Knowing that we couldn’t leave the valley without stopping in at the Bringhams, we dropped by “just for a few minutes”. I hadn’t reckoned with Tom’s crafty conversational wiles, though; we stayed for almost an hour, engaged in interesting discussion. We arrived at home around 9:30 pm, tired and happy, except for Daniel, who was tired but not particularly happy.
During the ride home, Daniel had slumped down across his seat and fallen asleep on the bench directly behind Joshua, who was sitting up front beside me in the passenger seat. Somewhere around Olympia, Joshua became weary and decided to put his seat back into the reclining position. Imagine Daniel’s surprise and dismay to wake up with his head trapped in smothering darkness, pinned to the seat. Wrenching his head free, he scraped the side of his face, and cried for some little while. As a claustrophobe myself, I can’t say I would relish (or even mustard) waking up in that situation.
Wednesday evening I had a bit of an adventure … I heard on the news that the Sounder trains were cancelled due to some kind of labor relations problem with rail workers nationwide. I tried to get a bus schedule from Sound Transit’s website, but it was down, of course, due to the unusually large number of people probably doing the same thing. I was worried about the estimated 3000 extra commuters that would be piling onto the already-crowded buses … how could I manage to get a place on the bus? I envisioned hours of waiting at some bus stop, watching bus after bus pass by, each packed to the gills with irritable commuters. Not my idea of a fun way to spend a Wednesday evening.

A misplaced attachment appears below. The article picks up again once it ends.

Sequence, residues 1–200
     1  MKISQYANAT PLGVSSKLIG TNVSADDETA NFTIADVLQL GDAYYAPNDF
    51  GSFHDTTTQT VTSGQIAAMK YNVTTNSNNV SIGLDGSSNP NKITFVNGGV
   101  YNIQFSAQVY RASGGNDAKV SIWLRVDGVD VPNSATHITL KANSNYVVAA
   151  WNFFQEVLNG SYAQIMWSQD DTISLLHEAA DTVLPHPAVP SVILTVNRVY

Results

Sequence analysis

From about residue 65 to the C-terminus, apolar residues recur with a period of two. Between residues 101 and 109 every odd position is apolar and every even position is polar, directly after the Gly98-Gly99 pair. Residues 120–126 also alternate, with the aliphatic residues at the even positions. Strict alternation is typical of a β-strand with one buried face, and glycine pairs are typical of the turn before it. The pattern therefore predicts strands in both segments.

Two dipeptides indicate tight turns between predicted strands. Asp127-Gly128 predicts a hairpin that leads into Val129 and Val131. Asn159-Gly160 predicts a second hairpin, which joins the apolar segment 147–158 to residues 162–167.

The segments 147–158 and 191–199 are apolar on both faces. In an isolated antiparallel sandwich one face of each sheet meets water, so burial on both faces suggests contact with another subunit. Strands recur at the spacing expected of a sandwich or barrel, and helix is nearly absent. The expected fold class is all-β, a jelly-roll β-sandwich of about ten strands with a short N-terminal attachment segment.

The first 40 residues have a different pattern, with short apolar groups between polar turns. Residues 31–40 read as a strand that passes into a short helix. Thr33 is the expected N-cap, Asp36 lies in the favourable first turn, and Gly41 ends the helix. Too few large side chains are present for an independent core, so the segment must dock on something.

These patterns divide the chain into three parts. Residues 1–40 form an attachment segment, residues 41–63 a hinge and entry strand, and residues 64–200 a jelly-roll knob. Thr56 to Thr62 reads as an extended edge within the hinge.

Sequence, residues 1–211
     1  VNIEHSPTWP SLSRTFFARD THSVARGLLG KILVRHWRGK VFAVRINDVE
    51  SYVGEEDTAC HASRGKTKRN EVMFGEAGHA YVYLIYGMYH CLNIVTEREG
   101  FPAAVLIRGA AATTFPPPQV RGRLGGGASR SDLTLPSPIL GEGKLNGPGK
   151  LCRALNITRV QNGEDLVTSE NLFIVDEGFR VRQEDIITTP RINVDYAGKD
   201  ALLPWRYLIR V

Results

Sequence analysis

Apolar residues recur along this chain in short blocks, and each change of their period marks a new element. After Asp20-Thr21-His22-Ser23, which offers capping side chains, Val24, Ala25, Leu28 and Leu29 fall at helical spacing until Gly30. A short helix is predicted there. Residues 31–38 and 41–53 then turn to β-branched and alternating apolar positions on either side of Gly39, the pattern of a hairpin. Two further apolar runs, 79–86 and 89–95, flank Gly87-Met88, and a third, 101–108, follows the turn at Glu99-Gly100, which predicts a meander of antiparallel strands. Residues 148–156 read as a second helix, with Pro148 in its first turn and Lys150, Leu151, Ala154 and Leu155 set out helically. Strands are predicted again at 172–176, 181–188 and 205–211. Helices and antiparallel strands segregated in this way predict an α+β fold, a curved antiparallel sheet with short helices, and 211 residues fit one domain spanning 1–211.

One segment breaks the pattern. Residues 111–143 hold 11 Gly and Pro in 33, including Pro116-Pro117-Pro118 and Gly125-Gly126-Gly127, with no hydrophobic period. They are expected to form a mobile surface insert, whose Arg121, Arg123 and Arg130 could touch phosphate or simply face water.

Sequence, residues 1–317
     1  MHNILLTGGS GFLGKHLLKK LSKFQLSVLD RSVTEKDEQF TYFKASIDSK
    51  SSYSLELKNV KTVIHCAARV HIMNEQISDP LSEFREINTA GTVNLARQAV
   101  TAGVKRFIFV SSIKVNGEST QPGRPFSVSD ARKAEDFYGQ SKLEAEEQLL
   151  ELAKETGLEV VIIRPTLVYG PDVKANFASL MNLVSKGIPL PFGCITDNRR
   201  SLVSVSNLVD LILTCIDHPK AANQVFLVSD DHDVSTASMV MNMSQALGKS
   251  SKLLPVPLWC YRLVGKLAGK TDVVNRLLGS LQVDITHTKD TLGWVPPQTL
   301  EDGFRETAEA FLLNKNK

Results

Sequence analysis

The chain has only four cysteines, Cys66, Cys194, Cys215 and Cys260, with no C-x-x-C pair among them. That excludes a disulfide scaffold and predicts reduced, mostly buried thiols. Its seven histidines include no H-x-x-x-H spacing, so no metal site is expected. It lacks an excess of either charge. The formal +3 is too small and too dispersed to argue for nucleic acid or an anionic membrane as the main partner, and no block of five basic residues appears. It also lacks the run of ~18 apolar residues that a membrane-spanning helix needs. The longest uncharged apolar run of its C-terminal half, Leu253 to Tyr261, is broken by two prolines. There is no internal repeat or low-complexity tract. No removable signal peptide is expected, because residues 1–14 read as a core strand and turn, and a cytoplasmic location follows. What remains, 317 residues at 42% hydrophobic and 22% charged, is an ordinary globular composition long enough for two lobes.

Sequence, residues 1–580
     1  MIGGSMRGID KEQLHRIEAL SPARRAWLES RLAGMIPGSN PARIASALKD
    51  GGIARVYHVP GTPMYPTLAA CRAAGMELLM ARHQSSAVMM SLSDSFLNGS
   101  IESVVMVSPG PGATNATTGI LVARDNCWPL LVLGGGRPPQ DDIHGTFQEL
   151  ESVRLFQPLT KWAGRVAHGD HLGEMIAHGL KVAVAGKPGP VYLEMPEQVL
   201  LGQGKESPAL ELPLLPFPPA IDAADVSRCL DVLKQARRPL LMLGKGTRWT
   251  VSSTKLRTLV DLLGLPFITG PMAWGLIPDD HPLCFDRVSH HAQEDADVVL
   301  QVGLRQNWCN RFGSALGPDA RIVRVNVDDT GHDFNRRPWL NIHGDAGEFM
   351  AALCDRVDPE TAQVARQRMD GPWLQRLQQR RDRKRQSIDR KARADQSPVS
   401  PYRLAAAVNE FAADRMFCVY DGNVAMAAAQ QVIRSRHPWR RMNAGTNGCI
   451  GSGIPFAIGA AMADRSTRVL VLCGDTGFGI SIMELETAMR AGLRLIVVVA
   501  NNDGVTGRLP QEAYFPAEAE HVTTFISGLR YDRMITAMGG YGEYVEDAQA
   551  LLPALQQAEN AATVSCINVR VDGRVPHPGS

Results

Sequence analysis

I called Kathy to let her know that I wouldn’t be home any time soon, and she offered to call her good friend Julee to see if I could meet her husband somewhere in Seattle & carpool. Instead of being at his office in Seattle (where he was supposed to be) Colin answered the phone at his home in Lakewood (must have been working from home that day) and without missing a beat, responded, “Of course I’d be glad to pick Tim up!” He is a silly man, which is a big part of why we like him. I was tempted to call his bluff and ask him to drive the hour up to Seattle to fetch me home — but a clever person like that will always have a quick rejoinder. “Oh, I’d love to, but my sick grandmother just called, and needs me to take her to the hospital,” or something like that.